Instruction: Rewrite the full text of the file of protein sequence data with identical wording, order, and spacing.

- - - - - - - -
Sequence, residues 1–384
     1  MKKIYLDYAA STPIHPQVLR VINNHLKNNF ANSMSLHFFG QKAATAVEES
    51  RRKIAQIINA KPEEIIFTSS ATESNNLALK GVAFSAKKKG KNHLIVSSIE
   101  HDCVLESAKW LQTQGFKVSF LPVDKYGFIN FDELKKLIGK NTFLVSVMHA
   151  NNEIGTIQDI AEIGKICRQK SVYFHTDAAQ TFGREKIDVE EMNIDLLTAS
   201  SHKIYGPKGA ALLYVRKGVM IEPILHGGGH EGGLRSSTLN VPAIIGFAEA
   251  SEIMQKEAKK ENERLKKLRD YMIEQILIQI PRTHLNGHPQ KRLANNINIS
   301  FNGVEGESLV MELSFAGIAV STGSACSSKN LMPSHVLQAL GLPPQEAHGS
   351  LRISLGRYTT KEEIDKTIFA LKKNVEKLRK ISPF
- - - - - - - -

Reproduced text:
Sequence, residues 1–384
     1  MKKIYLDYAA STPIHPQVLR VINNHLKNNF ANSMSLHFFG QKAATAVEES
    51  RRKIAQIINA KPEEIIFTSS ATESNNLALK GVAFSAKKKG KNHLIVSSIE
   101  HDCVLESAKW LQTQGFKVSF LPVDKYGFIN FDELKKLIGK NTFLVSVMHA
   151  NNEIGTIQDI AEIGKICRQK SVYFHTDAAQ TFGREKIDVE EMNIDLLTAS
   201  SHKIYGPKGA ALLYVRKGVM IEPILHGGGH EGGLRSSTLN VPAIIGFAEA
   251  SEIMQKEAKK ENERLKKLRD YMIEQILIQI PRTHLNGHPQ KRLANNINIS
   301  FNGVEGESLV MELSFAGIAV STGSACSSKN LMPSHVLQAL GLPPQEAHGS
   351  LRISLGRYTT KEEIDKTIFA LKKNVEKLRK ISPF